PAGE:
|Ordered||15 Aug 1940|
|Laid down||31 May 1941||Blohm & Voss, Hamburg (werk 593)|
|Launched||14 Feb 1942|
|Commissioned||9 Apr 1942||Kptlt. Albrecht Brandi (Knights Cross)|
|Successes||8 ships sunk, total tonnage 25,879 GRT|
1 auxiliary warship sunk, total tonnage 810 GRT
2 warships sunk, total tonnage 3,700 tons
Beached west of Cape Tres Forcas, in position 35.13N, 03.21W. The wreck was subsequently attacked by British Hudson aircraft (48 and 233 Sqn RAF) and two British Swordfish aircraft (833 and 886 Sqn FAA) and finally destroyed by gunfire from the British corvette HMS Hyacinth and the Australian minesweeper HMAS Wollongong. 49 survivors (no casualties).
U-617 operated with the following Wolfpacks during its career:
Pfeil (12 Sep 1942 - 22 Sep 1942)
Blitz (22 Sep 1942 - 26 Sep 1942)
Tiger (26 Sep 1942 - 30 Sep 1942)
Delphin (4 Nov 1942 - 10 Nov 1942)
Wal (10 Nov 1942 - 15 Nov 1942)
Attacks on this boat and other events
12 Sep 1943
The sinking of U-617: At 0150hrs a British Wellington bomber (179 Sqn RAF/P, pilot S/L D.B. Hodgkinson, RCAF) dropped depth charges in a Leigh Light attack off the Moroccan coast. Another Wellington (179 Sqn RAF/J, pilot P/O W.H. Brunini) was homed in and dropped its depth charges in another Leigh Light attack at 35°17N/03°20W. The aircraft was hit by flak in several places, fatally wounding the rear gunner, but this remained undiscovered during the action. The Wellington crew saw flames in the conning tower of U-617 and circled the boat for 45 minutes until she beached herself near Melilla, Spanish Morocco.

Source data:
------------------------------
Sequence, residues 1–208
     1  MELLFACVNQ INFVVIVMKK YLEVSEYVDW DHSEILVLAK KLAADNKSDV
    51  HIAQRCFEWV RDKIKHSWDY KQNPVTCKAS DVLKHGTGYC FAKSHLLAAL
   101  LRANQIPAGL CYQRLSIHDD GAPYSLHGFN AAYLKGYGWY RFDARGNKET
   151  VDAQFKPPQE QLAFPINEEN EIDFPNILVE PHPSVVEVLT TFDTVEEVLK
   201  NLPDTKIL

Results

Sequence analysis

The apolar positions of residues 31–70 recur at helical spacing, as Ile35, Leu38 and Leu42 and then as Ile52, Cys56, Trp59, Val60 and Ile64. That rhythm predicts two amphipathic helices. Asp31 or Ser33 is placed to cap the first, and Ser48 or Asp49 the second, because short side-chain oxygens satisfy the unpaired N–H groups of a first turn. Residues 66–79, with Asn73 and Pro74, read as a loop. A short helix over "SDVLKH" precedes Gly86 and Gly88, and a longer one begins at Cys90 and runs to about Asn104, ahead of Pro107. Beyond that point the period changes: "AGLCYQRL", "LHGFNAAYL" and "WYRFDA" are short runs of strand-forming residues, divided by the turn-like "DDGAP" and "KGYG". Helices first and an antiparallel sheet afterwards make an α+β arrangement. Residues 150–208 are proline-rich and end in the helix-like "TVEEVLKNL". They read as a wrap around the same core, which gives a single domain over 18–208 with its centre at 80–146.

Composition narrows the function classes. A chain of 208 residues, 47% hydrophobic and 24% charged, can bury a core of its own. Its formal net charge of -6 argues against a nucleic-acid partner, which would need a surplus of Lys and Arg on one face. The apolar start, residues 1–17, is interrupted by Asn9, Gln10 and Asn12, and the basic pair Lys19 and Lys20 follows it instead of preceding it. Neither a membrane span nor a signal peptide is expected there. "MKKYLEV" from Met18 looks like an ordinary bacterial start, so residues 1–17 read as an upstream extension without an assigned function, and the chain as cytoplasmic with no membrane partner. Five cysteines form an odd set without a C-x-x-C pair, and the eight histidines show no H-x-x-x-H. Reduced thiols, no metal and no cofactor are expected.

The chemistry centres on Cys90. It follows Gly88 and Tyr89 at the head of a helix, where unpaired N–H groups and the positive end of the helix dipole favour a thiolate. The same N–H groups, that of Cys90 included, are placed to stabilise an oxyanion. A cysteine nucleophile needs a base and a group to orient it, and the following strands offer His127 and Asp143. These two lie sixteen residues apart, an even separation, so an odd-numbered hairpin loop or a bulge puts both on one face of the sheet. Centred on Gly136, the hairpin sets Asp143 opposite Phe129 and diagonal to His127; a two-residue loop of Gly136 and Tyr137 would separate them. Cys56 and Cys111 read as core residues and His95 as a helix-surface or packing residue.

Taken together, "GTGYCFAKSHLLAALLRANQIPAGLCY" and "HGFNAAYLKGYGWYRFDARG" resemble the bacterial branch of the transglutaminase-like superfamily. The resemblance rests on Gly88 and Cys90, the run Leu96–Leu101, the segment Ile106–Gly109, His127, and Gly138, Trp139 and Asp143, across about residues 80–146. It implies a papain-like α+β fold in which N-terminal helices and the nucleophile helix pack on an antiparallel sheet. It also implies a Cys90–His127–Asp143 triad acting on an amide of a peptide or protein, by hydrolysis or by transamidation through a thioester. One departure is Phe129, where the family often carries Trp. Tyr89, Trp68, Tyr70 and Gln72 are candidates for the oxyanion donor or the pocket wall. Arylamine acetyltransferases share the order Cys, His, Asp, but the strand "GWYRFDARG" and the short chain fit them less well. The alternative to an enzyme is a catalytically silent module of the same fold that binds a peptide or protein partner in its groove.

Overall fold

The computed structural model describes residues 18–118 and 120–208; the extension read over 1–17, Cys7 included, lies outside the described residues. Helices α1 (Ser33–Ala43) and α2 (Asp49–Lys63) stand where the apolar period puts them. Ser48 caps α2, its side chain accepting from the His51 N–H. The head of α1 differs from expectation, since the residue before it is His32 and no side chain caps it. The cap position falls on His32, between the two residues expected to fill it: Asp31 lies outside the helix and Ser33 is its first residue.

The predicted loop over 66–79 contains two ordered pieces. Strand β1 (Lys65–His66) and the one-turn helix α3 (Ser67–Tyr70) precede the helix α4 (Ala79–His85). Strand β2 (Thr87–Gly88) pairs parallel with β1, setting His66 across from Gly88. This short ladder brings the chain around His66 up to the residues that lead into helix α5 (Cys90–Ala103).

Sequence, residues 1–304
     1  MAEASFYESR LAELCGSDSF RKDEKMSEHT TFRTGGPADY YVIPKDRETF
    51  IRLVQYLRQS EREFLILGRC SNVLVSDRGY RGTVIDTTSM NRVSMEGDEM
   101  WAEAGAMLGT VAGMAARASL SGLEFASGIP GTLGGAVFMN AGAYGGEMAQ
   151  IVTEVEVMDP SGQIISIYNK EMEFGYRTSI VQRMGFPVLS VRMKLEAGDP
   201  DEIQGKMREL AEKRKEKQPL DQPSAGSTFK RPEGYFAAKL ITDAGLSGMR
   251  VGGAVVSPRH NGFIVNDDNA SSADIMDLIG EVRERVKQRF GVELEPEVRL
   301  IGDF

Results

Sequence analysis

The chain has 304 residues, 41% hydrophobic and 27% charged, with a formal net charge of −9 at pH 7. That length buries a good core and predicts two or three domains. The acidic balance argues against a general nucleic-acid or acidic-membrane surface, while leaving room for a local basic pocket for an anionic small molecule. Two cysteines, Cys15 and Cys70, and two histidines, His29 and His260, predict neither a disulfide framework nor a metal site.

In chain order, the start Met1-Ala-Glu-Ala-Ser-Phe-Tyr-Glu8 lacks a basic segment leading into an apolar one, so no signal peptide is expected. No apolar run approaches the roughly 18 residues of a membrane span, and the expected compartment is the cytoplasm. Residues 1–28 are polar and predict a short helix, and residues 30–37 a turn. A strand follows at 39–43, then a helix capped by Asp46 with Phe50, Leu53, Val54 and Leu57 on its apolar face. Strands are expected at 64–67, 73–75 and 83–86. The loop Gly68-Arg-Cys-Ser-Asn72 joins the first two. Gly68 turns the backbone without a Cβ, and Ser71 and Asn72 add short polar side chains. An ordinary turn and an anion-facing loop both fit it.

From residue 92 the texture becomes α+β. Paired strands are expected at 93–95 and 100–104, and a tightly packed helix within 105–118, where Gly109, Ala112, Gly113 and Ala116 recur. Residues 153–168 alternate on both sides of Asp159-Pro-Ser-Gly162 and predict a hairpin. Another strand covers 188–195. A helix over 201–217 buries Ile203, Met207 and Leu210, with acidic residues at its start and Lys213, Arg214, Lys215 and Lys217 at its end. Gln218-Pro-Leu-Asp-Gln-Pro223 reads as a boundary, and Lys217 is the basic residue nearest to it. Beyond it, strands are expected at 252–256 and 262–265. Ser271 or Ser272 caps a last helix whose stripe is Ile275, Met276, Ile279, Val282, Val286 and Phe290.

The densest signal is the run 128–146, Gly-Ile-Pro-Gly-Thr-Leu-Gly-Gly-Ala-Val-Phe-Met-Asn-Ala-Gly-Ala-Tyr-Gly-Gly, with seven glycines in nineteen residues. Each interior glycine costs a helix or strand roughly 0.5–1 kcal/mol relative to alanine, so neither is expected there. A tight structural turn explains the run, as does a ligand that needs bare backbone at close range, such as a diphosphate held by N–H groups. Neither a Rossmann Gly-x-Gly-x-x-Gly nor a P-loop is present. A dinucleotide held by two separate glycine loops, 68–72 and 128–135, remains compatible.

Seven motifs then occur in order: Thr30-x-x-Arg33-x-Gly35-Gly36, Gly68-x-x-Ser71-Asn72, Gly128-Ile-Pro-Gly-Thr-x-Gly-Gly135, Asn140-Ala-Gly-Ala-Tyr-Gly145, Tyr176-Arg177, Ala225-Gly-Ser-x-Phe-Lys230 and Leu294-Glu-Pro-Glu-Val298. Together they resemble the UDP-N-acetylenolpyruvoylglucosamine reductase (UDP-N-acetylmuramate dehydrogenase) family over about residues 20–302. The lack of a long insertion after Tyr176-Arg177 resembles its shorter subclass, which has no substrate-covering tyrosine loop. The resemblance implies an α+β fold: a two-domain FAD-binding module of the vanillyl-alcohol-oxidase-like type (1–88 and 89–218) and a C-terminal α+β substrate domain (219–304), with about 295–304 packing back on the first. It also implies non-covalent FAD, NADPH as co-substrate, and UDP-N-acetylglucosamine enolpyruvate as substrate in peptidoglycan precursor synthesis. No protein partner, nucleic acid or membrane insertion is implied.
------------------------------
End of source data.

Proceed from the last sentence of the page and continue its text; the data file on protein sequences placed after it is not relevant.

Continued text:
The entire crew of 49 abandoned ship and were interned by Spain and later repatriated to Germany. U-617 was finished off by several air attacks of British aircraft from Gibraltar (Hudsons of 48 and 233 Sqdn RAF and two Swordfish of 833 and 886 Sqdn FAA) and the wreck was finally destroyed by gunfire from HMS Hyacinth and HMAS Wollongong.(Sources: Franks/Zimmerman)
1 recorded attack on this boat.
Men lost from U-boats
Unlike many other U-boats, which during their service lost men due to accidents and various other causes, U-617 did not suffer any casualties (we know of) until the time of her loss.
We have 2 emblem entries for this boat. See the emblem page for this boat or view emblems individually below.
The Wild Onager - U-338
Coat of Arms of Austria